Aug 14, 2011

Eating the Elephant

By Wendy A. Jones

I am a starter.

I am not a finisher.

I have fabric and patterns; I have stacks of cardboard in my garage; I have plans drawn in notebooks; I have lists; I have ideas.

What I don't have are about seven dresses, three skirts, a cardboard sculpture of a tree, and/or upholstered storage boxes in my entryway.

I bought a book once because I didn't quite feel in control of my house. There was too much clutter, too many projects, too much stuff. I can't even remember the title. It was something like Mission: Organization. In the introduction, the author said, "The key to organization is finishing things."

I closed the book.

(I haven't finished it.)

I realized that was the skill I needed to figure out first. Before I could organize anything, I had to figure out how to finish things.

I'm pleased to say I'm getting better, but I still stink at finishing.

Take writing, for instance. I have been writing seriously for five years.


And I have yet to finish a novel.

(I did finish two picture books, though. I've got to throw bones to myself when I can.)

Why is it taking so long?

The reasons are many and varied. We all have our reasons, I'm sure, and some are perfectly legitimate.

However, I've realized this writing . . . thing, for lack of a better word, is something I want.


It won't leave me alone.

The words in my current WIP don't come easily. I have to drag them out of myself and shake them loose from my fingers--and it feels like half of the text is highlighted for me to come back and fix.


I will finish my book someday.

I will overlook the fabric and cardboard and notebooks of plans and look instead at the things I have finished: two skirts and two aprons and a blanket and a dress and a cabinet and some bookcases. And two children's books!

I do finish things.

I do.

It just takes me awhile.

I haven't written much through the summer; vacation and kids and gardens and a residential schedule and a new calling have made my schedule erratic to say the least. I kept a notebook tucked in my purse, though, and jotted things down when I was waiting for the dentist or sitting by the drain (my 4-year-old's current obsession). Not much, really, just a sentence here or there.

When I went to type it into my computer the other day, I was shocked and pleased to see the word count reach almost 1500 words.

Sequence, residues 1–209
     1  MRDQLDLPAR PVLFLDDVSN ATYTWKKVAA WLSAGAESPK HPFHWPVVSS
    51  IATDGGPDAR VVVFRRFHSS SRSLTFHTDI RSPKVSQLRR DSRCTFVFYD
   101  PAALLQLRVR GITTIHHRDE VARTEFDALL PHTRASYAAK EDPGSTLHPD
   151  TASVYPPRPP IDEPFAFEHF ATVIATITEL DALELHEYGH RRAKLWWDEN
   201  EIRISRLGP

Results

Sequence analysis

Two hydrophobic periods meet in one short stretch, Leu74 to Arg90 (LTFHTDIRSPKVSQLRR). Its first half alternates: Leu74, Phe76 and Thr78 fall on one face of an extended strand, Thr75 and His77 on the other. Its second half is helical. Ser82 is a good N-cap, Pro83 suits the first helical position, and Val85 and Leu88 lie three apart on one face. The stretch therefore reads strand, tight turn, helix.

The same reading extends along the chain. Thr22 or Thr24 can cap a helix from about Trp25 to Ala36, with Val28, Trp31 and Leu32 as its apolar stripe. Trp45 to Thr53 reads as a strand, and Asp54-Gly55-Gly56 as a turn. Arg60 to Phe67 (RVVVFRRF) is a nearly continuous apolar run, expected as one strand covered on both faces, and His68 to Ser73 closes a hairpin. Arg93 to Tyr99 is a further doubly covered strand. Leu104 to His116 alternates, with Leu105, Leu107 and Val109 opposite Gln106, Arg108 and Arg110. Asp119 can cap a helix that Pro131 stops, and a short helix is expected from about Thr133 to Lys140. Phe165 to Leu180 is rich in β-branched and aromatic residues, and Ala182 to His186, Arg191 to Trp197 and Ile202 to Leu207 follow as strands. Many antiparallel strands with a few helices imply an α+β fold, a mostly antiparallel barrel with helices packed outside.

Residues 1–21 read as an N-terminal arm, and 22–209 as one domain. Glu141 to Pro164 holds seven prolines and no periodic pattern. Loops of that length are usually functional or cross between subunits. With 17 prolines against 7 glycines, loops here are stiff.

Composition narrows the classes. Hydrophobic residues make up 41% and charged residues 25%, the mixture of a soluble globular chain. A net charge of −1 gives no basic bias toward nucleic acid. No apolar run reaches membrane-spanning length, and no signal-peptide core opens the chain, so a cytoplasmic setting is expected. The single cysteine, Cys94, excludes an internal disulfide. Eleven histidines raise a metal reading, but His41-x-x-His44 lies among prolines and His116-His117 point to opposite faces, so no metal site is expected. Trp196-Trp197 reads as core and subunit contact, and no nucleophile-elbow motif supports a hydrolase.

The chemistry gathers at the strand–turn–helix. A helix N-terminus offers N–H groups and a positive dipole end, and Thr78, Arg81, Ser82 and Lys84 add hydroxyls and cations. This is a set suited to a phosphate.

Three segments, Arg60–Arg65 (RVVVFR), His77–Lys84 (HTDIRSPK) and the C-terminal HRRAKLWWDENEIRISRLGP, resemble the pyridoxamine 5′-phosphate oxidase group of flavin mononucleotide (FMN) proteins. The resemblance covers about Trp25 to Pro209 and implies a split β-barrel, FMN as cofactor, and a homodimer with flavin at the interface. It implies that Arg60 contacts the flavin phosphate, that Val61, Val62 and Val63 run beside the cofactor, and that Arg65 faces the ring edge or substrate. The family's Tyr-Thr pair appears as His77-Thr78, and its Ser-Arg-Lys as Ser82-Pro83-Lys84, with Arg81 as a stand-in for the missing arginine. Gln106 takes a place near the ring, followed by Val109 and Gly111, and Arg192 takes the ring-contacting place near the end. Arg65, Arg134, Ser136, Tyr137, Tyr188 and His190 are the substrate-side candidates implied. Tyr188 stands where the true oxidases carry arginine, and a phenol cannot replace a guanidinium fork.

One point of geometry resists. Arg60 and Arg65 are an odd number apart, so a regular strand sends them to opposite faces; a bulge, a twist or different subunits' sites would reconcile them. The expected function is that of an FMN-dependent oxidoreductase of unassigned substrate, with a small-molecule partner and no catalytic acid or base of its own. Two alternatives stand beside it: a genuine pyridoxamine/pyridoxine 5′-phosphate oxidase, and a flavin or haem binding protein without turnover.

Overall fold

If, over a couple of months, I can write 1500 words while not writing, how many could I write when I'm really trying?

How do you eat an elephant?

One bite at a time.




I'll let you know when I'm finished.


  1. Finishing a book is sometimes the hardest part of writing, especially for new writers. Keep at it. You can do it.

  2. You finished the blog entry so cross it off the list and congratulate yourself.

  3. I used to sew. I was good at it, and it's fun to look back in the photo albums and see my kids wearing clothes I made for them. At a certain point, however, it became oppressive because I was overly ambitious. I'd start projects and not finish them, buy fabric and make plans but not carry out the plans. Finally I decided to get rid of my sewing machine and all the fabric and patterns. I have never felt so free! Since then I have focused on writing and finished several novels. You only have 24 hours in a day and there isn't time to feel guilty for not meeting self-imposed deadlines on optional activities. One way to simplify is to move to a smaller house. We did that two years ago when we retired and to be unencumbered by excess stuff is the BEST feeling!

  4. My daily writing goal used to be 2000 words. When that proved to be a REALLY big bite, I shortened it to 1000. Later, to 500. When I'm on a roll, I can easily top 1000 words, but 500 is still a good bite out of that book. Any number you set for yourself, and keep at it, will guarantee it eventually gets done. :)

  5. Wendy, great post!!!! This is ME you are talking about.

  6. Love this post! Thanks for sharing your insight! Gave me a few things to think how to finish a few things! hugs~

  7. You are not alone. I have found that finishing is a skill I have had to specifically teach each of my four children - not a natural born finisher among them.

    And speaking of mothering - sometimes it's good not to be a finisher. We never finish being a parent. Certainly our relationship with our kids morphs again and again as they (and we) mature, but can you imagine how awful it would be if we ever 'finished' being moms?

    So sometimes, "Yay for not finshing!"


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